“Uncle Bob we used to call him. His office, conveniently close to the front gate, was invariably our first port of call whenever we visited the A&M lot,” recalled Sting in a statement provided to Billboard. “Uncle Bob was our concierge, our mentor, our protector, our confidante, and we were always assured of a warm welcome there, laced with a liberal dose of his mordant wit. You could talk film, theatre, books and music with Bob and behind the humor of those twinkling eyes you had a sense that he’d seen and heard everything and yet, like a true sage, had reserved judgment. He could be laconic and cryptic just as he could be compassionate and fulsome, but always equally amused by both the blandishments and trials of ‘the life,’ and nothing seemed to phase him. He was, and, to me still is, the presiding spirit of that magical lot on La Brea. He will always be there for me, as he was in life. God bless you, Uncle Bob, and thank you.”
After earning a Masters in communication from Columbia University, Garcia worked as a journalist before joining A&M as a bio writer. Within a year, he was publicity director, launching A&M’s first college rep program. He then became director of artist relations.
“Bob taught me everything by example about how to connect with, respect and support artists and interface on their behalf with the company and visa versa,” says BMI vp of creative relations Doreen Ringer-Ross.“Nobody in this business was more important to me than he was. He saw something worthy in me and took me under his wing when I first started as a college rep at the label and then years later hired me to work with him when I graduated. He was the most real deal person I ever knew. Passionate, brilliant, caring, funny, and colorful. He was my Yoda and he always had my back. We stayed close all these years.”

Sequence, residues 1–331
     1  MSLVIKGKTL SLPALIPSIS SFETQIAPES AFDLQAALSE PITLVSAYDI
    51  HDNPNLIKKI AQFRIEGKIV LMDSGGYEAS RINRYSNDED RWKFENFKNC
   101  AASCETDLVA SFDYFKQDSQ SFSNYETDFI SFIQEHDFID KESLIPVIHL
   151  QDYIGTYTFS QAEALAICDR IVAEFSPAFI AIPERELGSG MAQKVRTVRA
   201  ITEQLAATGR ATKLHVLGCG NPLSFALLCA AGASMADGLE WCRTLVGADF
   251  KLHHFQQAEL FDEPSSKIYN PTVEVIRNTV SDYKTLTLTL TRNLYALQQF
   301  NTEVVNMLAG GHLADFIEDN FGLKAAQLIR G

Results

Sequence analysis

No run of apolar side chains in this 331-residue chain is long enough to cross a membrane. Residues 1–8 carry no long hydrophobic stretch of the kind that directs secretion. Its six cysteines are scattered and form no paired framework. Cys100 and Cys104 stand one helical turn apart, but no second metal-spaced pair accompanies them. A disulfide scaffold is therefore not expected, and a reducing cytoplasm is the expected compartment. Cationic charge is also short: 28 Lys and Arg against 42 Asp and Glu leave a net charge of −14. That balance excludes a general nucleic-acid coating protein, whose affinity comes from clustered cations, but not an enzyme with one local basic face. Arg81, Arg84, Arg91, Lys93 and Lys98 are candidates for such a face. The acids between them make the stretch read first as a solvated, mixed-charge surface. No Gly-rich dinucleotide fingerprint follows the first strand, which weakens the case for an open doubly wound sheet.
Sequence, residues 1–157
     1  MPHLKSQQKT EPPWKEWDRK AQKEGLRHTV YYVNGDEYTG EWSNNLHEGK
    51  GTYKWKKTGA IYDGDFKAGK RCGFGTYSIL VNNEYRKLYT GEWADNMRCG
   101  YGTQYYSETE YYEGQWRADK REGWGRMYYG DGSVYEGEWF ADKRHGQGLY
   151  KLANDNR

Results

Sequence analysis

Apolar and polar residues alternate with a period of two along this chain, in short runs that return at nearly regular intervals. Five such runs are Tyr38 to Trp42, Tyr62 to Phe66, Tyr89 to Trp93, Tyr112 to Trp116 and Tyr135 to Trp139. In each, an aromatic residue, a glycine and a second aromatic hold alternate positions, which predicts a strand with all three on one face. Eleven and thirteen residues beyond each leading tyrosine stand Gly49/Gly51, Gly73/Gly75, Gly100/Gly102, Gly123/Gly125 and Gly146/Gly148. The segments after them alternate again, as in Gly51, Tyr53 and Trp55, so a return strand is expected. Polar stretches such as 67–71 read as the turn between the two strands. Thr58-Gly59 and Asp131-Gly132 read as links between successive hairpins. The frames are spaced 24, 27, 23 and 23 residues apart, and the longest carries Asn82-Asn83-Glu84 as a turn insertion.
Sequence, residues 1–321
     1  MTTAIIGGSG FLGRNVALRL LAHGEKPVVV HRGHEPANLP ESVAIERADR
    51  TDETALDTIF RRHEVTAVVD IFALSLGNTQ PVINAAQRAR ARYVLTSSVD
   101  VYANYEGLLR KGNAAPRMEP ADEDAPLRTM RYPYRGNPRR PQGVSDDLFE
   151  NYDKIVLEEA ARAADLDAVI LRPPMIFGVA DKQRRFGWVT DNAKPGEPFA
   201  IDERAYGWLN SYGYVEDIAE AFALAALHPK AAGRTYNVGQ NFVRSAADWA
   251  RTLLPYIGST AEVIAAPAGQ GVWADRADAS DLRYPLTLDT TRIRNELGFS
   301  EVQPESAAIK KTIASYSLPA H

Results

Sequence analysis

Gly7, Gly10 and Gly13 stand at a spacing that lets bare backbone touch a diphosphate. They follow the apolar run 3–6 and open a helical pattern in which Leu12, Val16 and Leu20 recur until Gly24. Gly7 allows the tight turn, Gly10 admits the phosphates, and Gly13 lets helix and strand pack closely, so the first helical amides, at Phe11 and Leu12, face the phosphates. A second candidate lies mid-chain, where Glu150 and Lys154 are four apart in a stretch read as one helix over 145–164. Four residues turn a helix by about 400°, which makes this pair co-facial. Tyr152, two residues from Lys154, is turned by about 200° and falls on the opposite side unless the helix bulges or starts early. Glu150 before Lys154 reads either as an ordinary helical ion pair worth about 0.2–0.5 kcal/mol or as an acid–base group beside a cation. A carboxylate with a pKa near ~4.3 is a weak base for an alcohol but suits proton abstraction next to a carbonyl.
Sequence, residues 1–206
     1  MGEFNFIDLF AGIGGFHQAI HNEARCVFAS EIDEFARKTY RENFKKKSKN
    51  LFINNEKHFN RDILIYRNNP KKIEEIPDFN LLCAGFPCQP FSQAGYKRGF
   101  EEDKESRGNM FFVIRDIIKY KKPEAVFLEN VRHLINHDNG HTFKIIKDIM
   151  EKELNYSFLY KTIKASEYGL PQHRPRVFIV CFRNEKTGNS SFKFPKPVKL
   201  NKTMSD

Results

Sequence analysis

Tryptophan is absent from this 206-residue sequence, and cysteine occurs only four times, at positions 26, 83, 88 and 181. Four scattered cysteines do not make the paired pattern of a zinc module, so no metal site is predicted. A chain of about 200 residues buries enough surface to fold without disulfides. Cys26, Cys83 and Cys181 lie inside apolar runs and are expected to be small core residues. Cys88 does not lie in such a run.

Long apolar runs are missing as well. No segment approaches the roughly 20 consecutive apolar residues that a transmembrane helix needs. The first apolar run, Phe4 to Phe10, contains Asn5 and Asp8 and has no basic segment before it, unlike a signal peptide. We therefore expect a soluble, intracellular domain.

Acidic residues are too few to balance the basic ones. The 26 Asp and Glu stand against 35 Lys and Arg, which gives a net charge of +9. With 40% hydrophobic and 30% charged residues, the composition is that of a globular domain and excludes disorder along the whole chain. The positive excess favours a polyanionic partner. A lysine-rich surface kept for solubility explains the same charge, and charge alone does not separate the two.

In 1987’s A&M Records: The First 25 Years, edited by Jeff Gold and David Leaf, Garcia was described as A&M’s Hawaiian shirt-wearing “hippie in residence,” with his Pyrenees, Caleb, his constant companion. (Garcia’s love for the breed lasted until his death). “This is the place where artists came in the old days to smoke dope,” Garcia said of the artist relationship department. “If they came on the lot tripping, they’d come here—no one else could handle it.”
In the book, he also detailed traveling with the Police on their early tours. “I drove the station wagon…They played a lot of bowling alleys. In Buffalo, nine people came to see them at a bowling alley, and they had to change in the ladies room. They slept three to a room,” he recalled. “No one here really thought it could happen. I’d get memos—‘Why are you going on the road with this band?’ I mean, three bleached blondes who played reggae? But [A&M co-founder] Jerry Moss pushed for them.”
A&M co-founder Herb Alpert also remembers Garcia fondly. “Bob Garcia worked at A&M Records for many years and without exception, was liked by all,” Alpert said in a statement provided to Billboard. “Artists and employees admired his quirkiness and original personality that didn’t change with the times. I personally appreciated his keen observations on music, and life as he saw it. I loved Bob.”
After leaving A&M in 1997, he worked as a consultant, in later years through his own Shedding Dog Marketing. His clients included Blake Shelton, Neil Young, OneRepublic, Lady Gaga, Eminem and many more. He was also involved with the Recording Academy for many years.
In lieu of flowers, please send donations to MusiCares in Garcia’s name. Additionally, his latest rescue, Perseus, is in the care of the Great Pyrenees Assn. of Southern California and is looking for a new home. To find out more or to contribute to Perseus’ care, please go to www.GreatPyrRescue.org